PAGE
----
Donna Handel and Roberta Lyles did not like what they saw from their front porch on Third Street in Milwaukee’s Harambee neighborhood. Power lines with hanging sneakers signaled drug dealing. Gunshots went off like firecrackers at night. Foreclosed homes started outnumbering occupied residences. Litter lined a vacant lot in the middle of the block. Kids played in the busy street.
Handel and Lyles wanted it all to change.
“No, this is not a ghetto,” she would tell those who believed they lived in the ghetto. “This is a community.”
This vision grew into the Cluster II Play and Grow Lot, which is a community garden and natural playground. The main idea behind the lot was to give the community an inter-generational spot to socialize. Children play on tree cookies, which are painted tree stumps that they can jump around on, have tea parties on or play any other imagination-based game they can dream up. While the children explore the natural playground, parents or grandparents can garden in the beds adjacent to the playground.
This year, the Local Initiatives Support Corp. nominated the lot for a Milwaukee Award for Neighborhood Development Innovation (MANDI) Award.
Handel and Lyles teamed with Groundwork Milwaukee, a non-profit organization that looks to improve the community through community gardens. Mary Beth Driscoll, executive director of Groundwork Milwaukee, operations director Dave Mangin, and Antoine Carter, outreach coordinator for the site’s volunteer team, helped bring the pair’s idea to life.
“They finished what they started, and that’s a very good thing,” Carter said of the duo.
“Groundwork is all about taking away that vacant lot, taking away that blight to create a platform for people to get to know each other,” Driscoll said.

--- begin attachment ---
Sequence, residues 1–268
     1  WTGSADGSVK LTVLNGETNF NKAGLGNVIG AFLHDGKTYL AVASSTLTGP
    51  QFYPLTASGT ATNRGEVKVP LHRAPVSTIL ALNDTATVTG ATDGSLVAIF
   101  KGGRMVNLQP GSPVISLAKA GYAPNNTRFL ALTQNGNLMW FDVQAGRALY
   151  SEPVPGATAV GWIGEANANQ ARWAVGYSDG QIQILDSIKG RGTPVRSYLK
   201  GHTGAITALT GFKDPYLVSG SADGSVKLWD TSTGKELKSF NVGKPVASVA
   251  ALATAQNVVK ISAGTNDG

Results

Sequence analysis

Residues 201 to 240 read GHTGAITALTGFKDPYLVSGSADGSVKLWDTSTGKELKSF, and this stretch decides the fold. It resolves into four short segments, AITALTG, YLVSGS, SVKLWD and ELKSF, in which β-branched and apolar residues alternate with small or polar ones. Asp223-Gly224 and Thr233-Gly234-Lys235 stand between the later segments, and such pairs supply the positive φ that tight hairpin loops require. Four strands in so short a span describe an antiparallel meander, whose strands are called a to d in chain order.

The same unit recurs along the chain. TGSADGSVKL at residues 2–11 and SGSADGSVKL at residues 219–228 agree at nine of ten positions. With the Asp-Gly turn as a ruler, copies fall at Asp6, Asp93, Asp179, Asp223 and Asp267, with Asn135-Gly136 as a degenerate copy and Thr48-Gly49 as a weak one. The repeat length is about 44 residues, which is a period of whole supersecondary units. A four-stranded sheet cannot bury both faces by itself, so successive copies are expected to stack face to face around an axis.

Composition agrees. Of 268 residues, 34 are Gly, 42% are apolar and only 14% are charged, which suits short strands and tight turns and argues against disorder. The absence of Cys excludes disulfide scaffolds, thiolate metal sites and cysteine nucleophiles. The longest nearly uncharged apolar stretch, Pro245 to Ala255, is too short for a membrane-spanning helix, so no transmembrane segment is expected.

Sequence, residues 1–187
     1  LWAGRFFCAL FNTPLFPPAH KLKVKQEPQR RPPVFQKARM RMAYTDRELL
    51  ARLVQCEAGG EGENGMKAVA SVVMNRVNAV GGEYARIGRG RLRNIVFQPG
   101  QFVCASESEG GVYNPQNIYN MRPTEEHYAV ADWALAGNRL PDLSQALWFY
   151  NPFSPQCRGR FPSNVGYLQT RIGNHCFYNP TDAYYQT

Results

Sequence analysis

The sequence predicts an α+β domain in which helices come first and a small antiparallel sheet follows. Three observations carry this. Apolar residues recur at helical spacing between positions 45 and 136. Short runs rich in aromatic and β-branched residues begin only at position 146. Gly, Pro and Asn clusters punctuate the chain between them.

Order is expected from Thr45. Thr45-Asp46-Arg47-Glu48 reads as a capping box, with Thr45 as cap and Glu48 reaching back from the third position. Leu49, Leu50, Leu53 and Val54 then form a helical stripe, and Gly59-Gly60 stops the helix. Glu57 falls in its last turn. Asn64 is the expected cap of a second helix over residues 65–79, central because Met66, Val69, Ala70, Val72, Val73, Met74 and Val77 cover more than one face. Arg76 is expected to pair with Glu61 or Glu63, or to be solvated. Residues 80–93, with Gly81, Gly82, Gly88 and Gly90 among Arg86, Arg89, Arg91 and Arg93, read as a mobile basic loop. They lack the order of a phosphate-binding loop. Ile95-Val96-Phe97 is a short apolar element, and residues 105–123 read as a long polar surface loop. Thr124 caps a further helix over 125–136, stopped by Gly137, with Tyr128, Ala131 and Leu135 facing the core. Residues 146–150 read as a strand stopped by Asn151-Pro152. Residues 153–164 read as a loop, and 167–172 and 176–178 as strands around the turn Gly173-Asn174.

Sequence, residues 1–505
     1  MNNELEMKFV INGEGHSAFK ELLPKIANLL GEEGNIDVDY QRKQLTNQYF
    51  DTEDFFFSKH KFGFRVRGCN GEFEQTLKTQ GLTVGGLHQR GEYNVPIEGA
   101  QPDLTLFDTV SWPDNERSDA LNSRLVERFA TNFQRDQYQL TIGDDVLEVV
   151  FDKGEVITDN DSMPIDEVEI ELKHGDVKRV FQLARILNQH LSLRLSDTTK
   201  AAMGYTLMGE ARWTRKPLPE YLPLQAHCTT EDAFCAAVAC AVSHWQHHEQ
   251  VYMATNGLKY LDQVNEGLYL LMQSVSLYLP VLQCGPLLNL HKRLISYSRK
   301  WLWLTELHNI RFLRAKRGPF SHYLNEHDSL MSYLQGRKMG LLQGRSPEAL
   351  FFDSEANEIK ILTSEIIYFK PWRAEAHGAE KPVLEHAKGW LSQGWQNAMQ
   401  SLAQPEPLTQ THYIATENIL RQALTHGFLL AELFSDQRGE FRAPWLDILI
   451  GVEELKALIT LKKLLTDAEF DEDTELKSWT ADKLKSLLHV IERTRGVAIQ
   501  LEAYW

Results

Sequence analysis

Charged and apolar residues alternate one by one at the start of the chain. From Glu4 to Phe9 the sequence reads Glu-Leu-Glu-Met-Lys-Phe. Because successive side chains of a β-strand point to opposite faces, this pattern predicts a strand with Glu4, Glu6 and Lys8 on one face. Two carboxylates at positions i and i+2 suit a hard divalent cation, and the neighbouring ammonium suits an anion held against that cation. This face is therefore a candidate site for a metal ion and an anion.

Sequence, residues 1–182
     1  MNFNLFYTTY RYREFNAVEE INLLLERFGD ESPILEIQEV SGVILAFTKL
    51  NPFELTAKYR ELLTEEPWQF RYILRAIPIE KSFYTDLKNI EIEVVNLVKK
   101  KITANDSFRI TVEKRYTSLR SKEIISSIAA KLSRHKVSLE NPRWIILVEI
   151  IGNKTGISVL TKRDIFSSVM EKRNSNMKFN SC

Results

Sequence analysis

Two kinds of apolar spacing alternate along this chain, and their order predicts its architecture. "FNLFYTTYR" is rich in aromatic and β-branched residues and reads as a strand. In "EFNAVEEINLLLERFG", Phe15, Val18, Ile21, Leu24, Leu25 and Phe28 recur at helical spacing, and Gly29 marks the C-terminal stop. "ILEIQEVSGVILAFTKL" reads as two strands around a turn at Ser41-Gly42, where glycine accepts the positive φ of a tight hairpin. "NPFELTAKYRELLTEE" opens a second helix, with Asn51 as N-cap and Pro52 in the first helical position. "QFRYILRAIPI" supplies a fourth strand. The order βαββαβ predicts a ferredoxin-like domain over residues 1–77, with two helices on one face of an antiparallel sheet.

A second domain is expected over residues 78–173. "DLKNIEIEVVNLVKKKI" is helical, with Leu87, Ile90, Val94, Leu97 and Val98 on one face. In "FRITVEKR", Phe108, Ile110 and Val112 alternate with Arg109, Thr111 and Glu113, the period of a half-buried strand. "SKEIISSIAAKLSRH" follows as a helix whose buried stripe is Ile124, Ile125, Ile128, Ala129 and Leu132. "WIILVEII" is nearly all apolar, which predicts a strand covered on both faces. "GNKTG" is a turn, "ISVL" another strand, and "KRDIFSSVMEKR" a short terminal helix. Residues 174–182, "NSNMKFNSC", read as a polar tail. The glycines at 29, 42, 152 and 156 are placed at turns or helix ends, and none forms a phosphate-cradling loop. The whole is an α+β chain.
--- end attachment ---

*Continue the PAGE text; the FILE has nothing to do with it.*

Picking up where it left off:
It all began 30 years ago when Handel and Lyles, became good friends and decided to rent a house together. Sick of the crime in their community, they sought after a place in the neighborhood where children could play safely.
“We just thought to ourselves: ‘Hey, the drug man is out here and he’s taking the kids. Why can’t we get out here and do something for our children?’”
Handel added: “We did this for the neighborhood. We didn’t do this for ourselves.”
The garden provides some benefits for Handel and Lyles too. While Lyles joked that the garden keeps her young, harvesting the food grown in garden might actually do it. The gardeners harvest the food and then distribute equally among the neighbors. Lyles, who has her own gardening bed labeled ‘Roberta,’ says planting food is one of her favorite parts of the garden. She enjoys planting various vegetables, including tomatoes and string beans.
In addition to gardening, Lyles created a summer program for younger children called “Rainbow Summer,” where she teaches the kids about what goes on in the garden.
“People don’t understand. They’re looking at teenagers, ages 12-21. We’re trying to take the little ones from three-10 and show them that there’s a different way to life,” said Handel.
Lyles said she asked her class where food comes from on the first day of her summer class. Their response: the grocery store. “Where else does it come from?” she then asked. “I don’t know, it just comes out of the grocery store,” they said. She fired back: “Well, you’re going to learn where else it comes from.” Lyles’ teaching, combined with the community gardening, has made an impact.
“The great thing about Cluster II is that it is not just a community garden,” Mangin said. “It serves as a demonstration for what could be done and replicated throughout the city. As far as the MANDI awards go, there are projects that are bigger and more glamorous, but this is one that is in the heart of the neighborhood that really needs it.”
Handel said that the prestige of the MANDI Award does not matter to her.
“It’s what you do to try to make this neighborhood better," she said. "It’s not only here. It’s throughout the city of Milwaukee and the United States. That’s what counts.”